Pain Management Center

Pain Causes and Risk Factors

What causes pain?
Pain receptors (called nociceptors) are located throughout the human body. During times of injury, a pain receptor is stimulated and transmits a signal to nerve cells within the spinal cord, which send a pain message to the brain. When the brain processes this signal, a person becomes aware of pain. In response, the body releases natural pain killers, called endorphins.

What causes acute pain? - In most cases of acute pain, the initial pain results from disease, inflammation, or injury to tissues. This type of pain generally comes on suddenly after trauma. The cause of acute pain can usually be diagnosed and treated, and the pain can be confined to a given period of time and severity. In some rare instances, acute pain can become chronic. However, acute pain may be accompanied by anxiety or emotional distress. Causes of acute pain include:

  • broken bones
  • burns or cuts
  • dental work
  • disease
  • labor and childbirth
  • soft tissue injury
  • surgical (post-operative ) pain

What causes chronic pain? – Chronic pain persists over a longer period of time than acute pain and is resistant to most medical treatments. Chronic pain can, and often does, cause severe problems for patients. Although chronic pain often begins with an injury or illness, ongoing pain can become psychological after the original injury or illness heals. Furthermore, chronic pain can be made much worse by environmental and psychological factors. But sometimes, the cause of chronic pain remains unknown (ex. chronic lower back pain).

During experiences of chronic pain, the brain continues to transmit the message of pain long after normal healing time. Doctors have found that severe and constant stimulation of pain receptors may cause changes in the spinal cord. The nerve cells in the spinal cord may actually produce their own pain transmitters completely unrelated to any actual pain signals coming from the body, interrupting the normal pain pathways.

Chronic pain can be caused by many factors, including nerve damage, injuries that fail to heal properly, and conditions that accompany normal aging. The most causes of chronic pain related to disease include:

  • AIDS
  • arthritis
  • cancer
  • chronic pancreatitis
  • gallbladder disease
  • nerve dysfunction
  • soft tissue injury
  • spinal disorders
  • unresolved disease or injury (psychogenic pain)

What causes different types of pain?
Doctors specify types of pain by location and or cause in the body. Some of the more commonly diagnosed types of pain and their causes include:

Myofascial pain – Myofascial pain is caused by trigger points (sensitive and tender areas) that develop in a muscle or a group of muscles. Myofascial pain may cause 'referred pain' because when a trigger point is pressed the pain may be felt elsewhere. This pain may be chronic and described as nagging, burning, aching or stabbing.

Psychogenic pain – Psychogenic pain manifests as real physical pain caused by a psychological problem such as mental or emotional issues.

Radicular pain – Radicular pain, or radiculitis, is caused by inflammation or compression of a spinal nerve root. Different disorders can cause spinal nerve compression, inflammation and pain such as a spinal tumor or cyst, disc hernia, spinal stenosis and osteoarthritis.

Somatic pain – Somatic pain is caused by injuries affecting the pain receptors in the skin, ligaments, muscles, bones, or joints. This pain may be chronic and is sometimes associated with cancer.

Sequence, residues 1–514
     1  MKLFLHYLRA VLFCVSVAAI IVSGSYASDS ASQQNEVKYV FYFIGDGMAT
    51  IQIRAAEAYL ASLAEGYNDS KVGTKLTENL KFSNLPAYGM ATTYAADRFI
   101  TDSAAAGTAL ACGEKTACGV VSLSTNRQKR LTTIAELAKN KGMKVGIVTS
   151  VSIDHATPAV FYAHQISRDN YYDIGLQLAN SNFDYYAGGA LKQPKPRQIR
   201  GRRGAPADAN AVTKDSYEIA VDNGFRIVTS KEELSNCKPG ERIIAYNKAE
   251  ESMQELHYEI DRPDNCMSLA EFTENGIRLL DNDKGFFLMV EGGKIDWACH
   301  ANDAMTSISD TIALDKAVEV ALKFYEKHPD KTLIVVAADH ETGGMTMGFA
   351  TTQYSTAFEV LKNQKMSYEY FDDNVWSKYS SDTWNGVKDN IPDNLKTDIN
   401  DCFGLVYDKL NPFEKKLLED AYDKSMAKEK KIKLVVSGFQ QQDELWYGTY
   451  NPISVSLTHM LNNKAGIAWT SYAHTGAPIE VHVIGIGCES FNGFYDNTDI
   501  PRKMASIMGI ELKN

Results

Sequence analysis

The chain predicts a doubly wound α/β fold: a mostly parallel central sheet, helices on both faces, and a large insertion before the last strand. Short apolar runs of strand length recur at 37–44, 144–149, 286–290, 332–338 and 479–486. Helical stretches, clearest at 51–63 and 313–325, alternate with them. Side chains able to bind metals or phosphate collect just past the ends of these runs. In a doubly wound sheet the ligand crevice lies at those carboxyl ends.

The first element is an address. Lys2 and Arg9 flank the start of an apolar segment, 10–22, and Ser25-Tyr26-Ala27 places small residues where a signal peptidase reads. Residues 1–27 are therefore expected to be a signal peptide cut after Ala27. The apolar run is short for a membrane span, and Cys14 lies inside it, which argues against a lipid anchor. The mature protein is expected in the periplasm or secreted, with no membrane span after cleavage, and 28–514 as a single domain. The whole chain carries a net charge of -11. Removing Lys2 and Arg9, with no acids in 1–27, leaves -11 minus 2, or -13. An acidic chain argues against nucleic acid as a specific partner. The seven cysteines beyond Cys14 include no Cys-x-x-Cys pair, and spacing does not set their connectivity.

Visceral pain – Visceral pain is caused by internal organs that are damaged or injured.

Risk factors
There are certain risk factors that make it more likely that a person develops or experiences chronic pain. These include previous injury, personal medical history, and degenerative changes related to aging, although psychological and environmental factors are at work as well. The most common factors that can put people at risk for chronic pain include:

Acute pain – People are more likely to develop chronic pain after an injury, illness or disease. The more severe a case of acute pain, the more likely a person is to develop complications such as chronic pain. Risk factors in the development of chronic pain include unrelieved acute post-traumatic and postoperative pains

Age – The older we get, the more likely we are to experience physical pain related to degenerative changes in the body. Validated tools for assessing pain, even in the cognitively impaired, exist and should be used consistently.

Gender – According to the study of the distribution and determinants of disease in human populations, it seems that more women suffer from painful diseases than men (ex. Migraine, fibromyalgia)

Personal medical history - Previous history of diseases, including rheumatoid arthritis and osteoarthritis, cancer, multiple sclerosis (MS), stomach ulcers, AIDS, and gall bladder disease can put people at risk for chronic pain.

Psychology –
Doctors believe that some people may be predisposed to experiencing the subjective nature of pain caused by nurtured thoughts, beliefs or perception.

Social and economic status - Disabling chronic pain is relatively common in the working population, among those of lower education who occupy the occupational class.

Pain occurs when injury or illness triggers nerve signals to the brain. During severe pain, the body can sense burning, shooting or stabbing sensations. But how can you be sure that you are experiencing chronic pain that requires medical treatment?  Learn to differentiate between the symptoms of acute and chronic pain by reading the next section on Pain Symptoms here.  And when should you seek medical help for pain and start a pain management program?

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